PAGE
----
- Spezza Ranked 243rd in NHL scoring Jan 30th vaulting over Karlsson in late March to become only Sen to finish in top 100 in scoring (62nd)
- Spezza was first Sens player with three games of four-plus points in one season since Alfredsson (3) in 2007-08
- Spezza: had a career high 24 blocked shots (24) in 2010-11
Looking at the latter point, Gus pointed out on Twitter (@KatsHockey) that this improvement in blocked shots is primarily attributable to Jason playing more SH minutes in ’10-11 than in the combined SH minutes of his entire NHL career. Had he not missed 20 games due to injury, Spezza would have eclipsed his previous totals by a healthy margin…
- 2010-11: 24 blocked shots
- 2009-10: 11 blocked shots
- 2008-09: 22 blocked shots
- 2007-08: 18 blocked shots
- 2006-07: 14 blocked shots
Given Spezza’s underlying numbers, it’s impressive to see that he posted near point-per-game production despite the fact that:
a) He played against good competition (QUALCOMP)
b) He hasn’t played alongside the best linemates (QUALTEAM)
b) Unlike other centers on the team, he often wasn’t given the most favourable starting position on the ice. (Ozone%)
It’s almost enough to one question why the coaching staff didn’t use him more often in the offensive zone to gain possession and create more scoring opportunities. However, when taking Jason’s Zone Finish Offensive Percentage was 50.3% into account, it’s obvious that his possession skills have played an important role in getting the puck moving north.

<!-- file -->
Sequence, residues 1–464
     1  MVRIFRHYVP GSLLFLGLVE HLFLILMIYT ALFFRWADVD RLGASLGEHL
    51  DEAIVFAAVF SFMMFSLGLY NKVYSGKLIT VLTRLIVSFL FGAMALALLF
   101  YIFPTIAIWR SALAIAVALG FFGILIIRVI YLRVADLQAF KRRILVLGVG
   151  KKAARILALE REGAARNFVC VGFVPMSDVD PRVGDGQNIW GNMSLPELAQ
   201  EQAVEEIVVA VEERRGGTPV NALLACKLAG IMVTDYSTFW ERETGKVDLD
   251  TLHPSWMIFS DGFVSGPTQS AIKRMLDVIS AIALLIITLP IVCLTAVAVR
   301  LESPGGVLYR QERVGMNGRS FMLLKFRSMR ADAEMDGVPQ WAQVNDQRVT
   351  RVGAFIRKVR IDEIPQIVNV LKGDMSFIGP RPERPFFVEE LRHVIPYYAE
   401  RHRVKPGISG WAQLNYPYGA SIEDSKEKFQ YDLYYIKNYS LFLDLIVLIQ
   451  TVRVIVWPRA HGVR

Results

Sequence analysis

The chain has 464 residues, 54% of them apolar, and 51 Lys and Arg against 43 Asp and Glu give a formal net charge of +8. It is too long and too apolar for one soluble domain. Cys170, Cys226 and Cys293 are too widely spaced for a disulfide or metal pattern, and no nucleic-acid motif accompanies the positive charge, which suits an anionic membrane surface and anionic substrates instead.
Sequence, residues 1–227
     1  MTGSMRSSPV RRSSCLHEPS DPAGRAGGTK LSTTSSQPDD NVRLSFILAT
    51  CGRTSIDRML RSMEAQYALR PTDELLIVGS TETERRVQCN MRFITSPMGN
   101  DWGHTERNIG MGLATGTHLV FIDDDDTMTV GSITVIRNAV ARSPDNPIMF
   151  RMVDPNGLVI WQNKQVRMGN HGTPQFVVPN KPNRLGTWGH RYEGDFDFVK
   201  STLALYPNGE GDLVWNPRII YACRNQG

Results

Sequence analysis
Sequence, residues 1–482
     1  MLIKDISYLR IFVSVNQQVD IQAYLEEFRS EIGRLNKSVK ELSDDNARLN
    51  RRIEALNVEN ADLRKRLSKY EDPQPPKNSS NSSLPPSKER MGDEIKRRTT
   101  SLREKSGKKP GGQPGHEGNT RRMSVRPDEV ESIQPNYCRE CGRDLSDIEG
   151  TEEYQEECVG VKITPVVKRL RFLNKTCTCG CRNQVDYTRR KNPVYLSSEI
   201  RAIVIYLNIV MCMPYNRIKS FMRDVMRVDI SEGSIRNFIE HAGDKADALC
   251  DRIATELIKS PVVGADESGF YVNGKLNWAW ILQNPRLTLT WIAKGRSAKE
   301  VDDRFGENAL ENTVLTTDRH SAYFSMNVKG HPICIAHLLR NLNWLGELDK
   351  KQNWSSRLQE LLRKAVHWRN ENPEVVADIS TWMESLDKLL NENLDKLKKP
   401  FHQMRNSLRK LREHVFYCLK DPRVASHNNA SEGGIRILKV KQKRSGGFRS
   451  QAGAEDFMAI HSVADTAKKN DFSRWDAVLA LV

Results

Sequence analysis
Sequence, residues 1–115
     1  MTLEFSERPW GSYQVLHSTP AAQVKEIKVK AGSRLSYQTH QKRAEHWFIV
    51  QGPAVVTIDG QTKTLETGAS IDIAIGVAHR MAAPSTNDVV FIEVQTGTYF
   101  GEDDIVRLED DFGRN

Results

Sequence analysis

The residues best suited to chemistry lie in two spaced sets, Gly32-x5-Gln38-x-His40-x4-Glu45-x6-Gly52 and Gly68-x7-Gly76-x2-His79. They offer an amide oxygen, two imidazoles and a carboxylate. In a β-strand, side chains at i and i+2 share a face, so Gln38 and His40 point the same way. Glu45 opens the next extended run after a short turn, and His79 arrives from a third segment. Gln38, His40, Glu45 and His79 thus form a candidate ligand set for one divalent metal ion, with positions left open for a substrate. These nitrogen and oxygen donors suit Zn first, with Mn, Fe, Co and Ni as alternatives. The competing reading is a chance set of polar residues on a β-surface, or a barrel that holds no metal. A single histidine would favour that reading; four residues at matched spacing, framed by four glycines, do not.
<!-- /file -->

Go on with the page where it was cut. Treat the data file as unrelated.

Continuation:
Rundblad Prospect Porn
Okay, so it might not mean anything in the greater scheme of things but that’s not going to stop some Hfboards users from fellating David Rundblad with digital ink now that he has been recognized as Hockey Future’s Prospect of the Year (2011).
Heatley Playoff Woes
No really, why would an Ottawa Senators blogger care that
some self-absorbed, frontrunning douchebag Dany effin’ Heatley is struggling offensively and was demoted to the Sharks’ third line during the team’s last game?
Detroit a Potential Trade Partner?
A number of respected members of the hockey community confirmed that Detroit defenceman Brian Rafalski will announce his retirement on Wednesday and walk away from the last year in his contract that would have paid him $6 million. There was some concern that Rafalski’s last season might have to count against Detroit’s cap, but it won’t since he signed the deal before he turned 34 years of age.
With an influx of cap space and a pressing need for a defenceman, one has to hope that Bryan Murray will call Ken Holland and make a compelling case for why the Detroit GM should acquire one of Ottawa’s veteran blueliners.
Add Another to the Alfredsson Household
According to reports, Daniel Alfredsson’s wife Bibi gave birth to their fourth son, William Erik Alfredsson, on May 16th. I wonder if William’s middle name is an homage to Alfie’s former tenant.